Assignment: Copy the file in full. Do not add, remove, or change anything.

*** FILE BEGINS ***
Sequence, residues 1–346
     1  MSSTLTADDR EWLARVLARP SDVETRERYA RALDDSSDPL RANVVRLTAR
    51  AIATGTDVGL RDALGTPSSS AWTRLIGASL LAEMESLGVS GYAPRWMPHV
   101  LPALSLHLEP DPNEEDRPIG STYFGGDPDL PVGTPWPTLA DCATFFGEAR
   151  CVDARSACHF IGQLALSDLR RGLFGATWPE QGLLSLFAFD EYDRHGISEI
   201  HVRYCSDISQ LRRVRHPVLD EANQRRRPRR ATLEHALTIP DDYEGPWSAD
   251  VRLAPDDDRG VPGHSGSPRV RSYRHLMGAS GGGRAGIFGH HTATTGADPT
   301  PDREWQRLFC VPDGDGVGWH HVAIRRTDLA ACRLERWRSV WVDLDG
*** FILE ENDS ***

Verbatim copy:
Sequence, residues 1–346
     1  MSSTLTADDR EWLARVLARP SDVETRERYA RALDDSSDPL RANVVRLTAR
    51  AIATGTDVGL RDALGTPSSS AWTRLIGASL LAEMESLGVS GYAPRWMPHV
   101  LPALSLHLEP DPNEEDRPIG STYFGGDPDL PVGTPWPTLA DCATFFGEAR
   151  CVDARSACHF IGQLALSDLR RGLFGATWPE QGLLSLFAFD EYDRHGISEI
   201  HVRYCSDISQ LRRVRHPVLD EANQRRRPRR ATLEHALTIP DDYEGPWSAD
   251  VRLAPDDDRG VPGHSGSPRV RSYRHLMGAS GGGRAGIFGH HTATTGADPT
   301  PDREWQRLFC VPDGDGVGWH HVAIRRTDLA ACRLERWRSV WVDLDG